Dept. of Geography News & Events this Week - 2/17/15

February 17, 2015

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IMAGE OF THE WEEK

Growing deltas in Atchafalaya Bay.

 

Growing deltas in Atchafalaya Bay.

Image Credit: NASA/Earth Observatory

The delta plain of the Mississippi River is disappearing. The lobe-shaped arc of coastal land from the Chandeleur Islands in eastern Louisiana to the Sabine River loses a football field’s worth of land every hour. Put another way, the delta has shrunk by nearly 5,000 square kilometers (2,000 square miles) over the past 80 years. That’s as if most of Delaware had sunk into the sea. Though land losses are widely distributed across the 300 kilometer (200 mile) wide coastal plain of Louisiana, Atchafalaya Bay stands as a notable exception. Read more: http://www.nasa.gov/content/growing-deltas-in-atchafalaya-bay/#.VOITY4cl5e0

GOOD NEWS

Chris Fowler was appointed to the Advisory Board for the Population Research Institute.

 

Todd Bacastow was recognized by the Head of NGA for MOOC & CRADA at Esri Federal Conference, on February 10, 2015.

NEWS

Coffee Hour: February 20 R. Quinn Thomas “Nitrogen constraints on terrestrial carbon sequestration, from trees to the globe”

The terrestrial carbon cycle is an important driver of global climate. However, plant growth and the associated uptake of carbon from the atmosphere can be limited by the amount of nitrogen in soils. The constraint of nitrogen on carbon sequestration occurs on multiple spatial scales. Here, I explore the interactions between terrestrial carbon and nitrogen cycling at the individual tree, forest stand, and global scale. First, I will highlight research focused on quantifying how atmospheric nitrogen deposition has altered the growth and mortality of trees across the Northeastern U.S. Second, I will explore the sensitivity of forest carbon sequestration to nitrogen deposition. Finally, I will discuss how carbon-nitrogen interactions can be better represented in Earth System Models, a primary tool for predicting future climate.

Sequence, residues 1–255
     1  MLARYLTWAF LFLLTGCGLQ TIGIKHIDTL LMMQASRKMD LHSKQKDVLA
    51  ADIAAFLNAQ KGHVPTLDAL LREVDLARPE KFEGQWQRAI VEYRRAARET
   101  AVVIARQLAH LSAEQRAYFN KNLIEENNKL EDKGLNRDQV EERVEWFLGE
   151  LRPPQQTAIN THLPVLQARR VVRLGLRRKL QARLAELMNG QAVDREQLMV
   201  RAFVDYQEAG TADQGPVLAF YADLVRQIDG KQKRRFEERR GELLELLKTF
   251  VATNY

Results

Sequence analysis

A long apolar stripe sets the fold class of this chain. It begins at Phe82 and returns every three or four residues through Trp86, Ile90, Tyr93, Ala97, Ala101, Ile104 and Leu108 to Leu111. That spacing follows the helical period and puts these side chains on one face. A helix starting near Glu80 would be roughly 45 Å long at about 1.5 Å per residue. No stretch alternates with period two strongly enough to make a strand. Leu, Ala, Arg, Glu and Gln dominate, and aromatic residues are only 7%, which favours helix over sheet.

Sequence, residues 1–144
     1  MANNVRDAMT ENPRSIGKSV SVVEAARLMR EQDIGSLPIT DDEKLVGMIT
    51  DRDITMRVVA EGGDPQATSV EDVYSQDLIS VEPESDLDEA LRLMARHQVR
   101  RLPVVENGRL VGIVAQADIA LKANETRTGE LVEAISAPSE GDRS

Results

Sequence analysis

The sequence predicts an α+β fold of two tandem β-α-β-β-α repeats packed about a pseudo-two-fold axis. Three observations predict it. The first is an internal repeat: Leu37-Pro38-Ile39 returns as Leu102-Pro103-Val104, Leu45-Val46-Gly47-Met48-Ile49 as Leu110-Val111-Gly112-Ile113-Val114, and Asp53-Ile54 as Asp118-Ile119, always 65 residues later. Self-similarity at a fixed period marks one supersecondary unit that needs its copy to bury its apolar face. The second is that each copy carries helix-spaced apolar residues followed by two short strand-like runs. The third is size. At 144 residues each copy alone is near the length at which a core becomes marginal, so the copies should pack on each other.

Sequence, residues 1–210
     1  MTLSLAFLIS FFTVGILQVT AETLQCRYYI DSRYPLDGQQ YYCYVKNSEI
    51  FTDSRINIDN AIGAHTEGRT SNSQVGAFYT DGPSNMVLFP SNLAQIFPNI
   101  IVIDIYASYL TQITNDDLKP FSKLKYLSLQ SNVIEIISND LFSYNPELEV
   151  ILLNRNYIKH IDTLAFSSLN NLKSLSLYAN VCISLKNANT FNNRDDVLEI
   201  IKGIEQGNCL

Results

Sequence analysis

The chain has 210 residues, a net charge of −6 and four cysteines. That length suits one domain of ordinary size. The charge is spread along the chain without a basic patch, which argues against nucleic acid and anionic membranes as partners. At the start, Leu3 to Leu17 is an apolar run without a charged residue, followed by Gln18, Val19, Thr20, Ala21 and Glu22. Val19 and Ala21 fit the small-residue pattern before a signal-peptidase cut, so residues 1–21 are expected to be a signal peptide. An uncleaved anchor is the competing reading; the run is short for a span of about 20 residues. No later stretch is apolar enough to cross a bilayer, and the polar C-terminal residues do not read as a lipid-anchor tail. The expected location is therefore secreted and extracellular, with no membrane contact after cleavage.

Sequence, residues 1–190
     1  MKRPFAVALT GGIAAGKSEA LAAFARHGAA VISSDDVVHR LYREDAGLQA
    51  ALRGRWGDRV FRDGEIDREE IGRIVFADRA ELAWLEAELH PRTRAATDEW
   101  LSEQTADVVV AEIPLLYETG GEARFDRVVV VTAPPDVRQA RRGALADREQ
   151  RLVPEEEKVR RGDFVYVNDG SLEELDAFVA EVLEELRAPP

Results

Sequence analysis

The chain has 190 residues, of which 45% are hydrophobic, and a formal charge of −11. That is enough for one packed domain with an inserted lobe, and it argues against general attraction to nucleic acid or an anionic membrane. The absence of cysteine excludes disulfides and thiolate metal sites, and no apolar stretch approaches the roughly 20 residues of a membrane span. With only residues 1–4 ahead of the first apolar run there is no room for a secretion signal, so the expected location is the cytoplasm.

Ebola response by NGA marks first step in ‘unprecedented’ move toward data transparency

When the U.S. government decided to put boots on the ground in West Africa last fall to help staunch an emerging Ebola epidemic, agencies needed a lot of highly- trained medical and logistics personnel. But they also needed reliable maps — something Liberia didn’t have at the time.

It does now, because local officials, overseas governments and the National Geospatial-Intelligence Agency agreed to work together in an open data framework. NGA led the effort to develop that geographic information in exquisite layers of detail in the span of just a few months, and posted the results on the open Web in real-time.

 

Small farmers hold the key to seed diversity: researchers

Up to 75 percent of the seeds needed to produce the world’s diverse food crops are held by small farmers, researchers said following a review of international census data.

Growers with farms of less than seven acres preserve diversity through “networks of seed and knowledge exchanges”, Karl Zimmerer, a Penn State University geography professor who led the research, told a conference of the American Association for the Advancement of Science on Friday.

 

Map: The Most Common* Job In Every State

*We used data from the Census Bureau, which has two catch-all categories: “managers not elsewhere classified” and “salespersons not elsewhere classified.” Because those categories are broad and vague to the point of meaninglessness, we excluded them from our map.

 

Recently (or soon to be) published